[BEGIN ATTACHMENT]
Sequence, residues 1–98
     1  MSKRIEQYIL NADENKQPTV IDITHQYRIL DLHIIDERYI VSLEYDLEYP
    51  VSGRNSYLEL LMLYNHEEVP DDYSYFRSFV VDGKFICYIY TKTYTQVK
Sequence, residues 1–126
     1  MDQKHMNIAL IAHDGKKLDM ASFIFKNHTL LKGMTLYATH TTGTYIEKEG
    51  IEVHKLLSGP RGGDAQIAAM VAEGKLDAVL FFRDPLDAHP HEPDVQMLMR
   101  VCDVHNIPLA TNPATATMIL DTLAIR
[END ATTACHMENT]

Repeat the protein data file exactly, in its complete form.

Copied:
Sequence, residues 1–98
     1  MSKRIEQYIL NADENKQPTV IDITHQYRIL DLHIIDERYI VSLEYDLEYP
    51  VSGRNSYLEL LMLYNHEEVP DDYSYFRSFV VDGKFICYIY TKTYTQVK
Sequence, residues 1–126
     1  MDQKHMNIAL IAHDGKKLDM ASFIFKNHTL LKGMTLYATH TTGTYIEKEG
    51  IEVHKLLSGP RGGDAQIAAM VAEGKLDAVL FFRDPLDAHP HEPDVQMLMR
   101  VCDVHNIPLA TNPATATMIL DTLAIR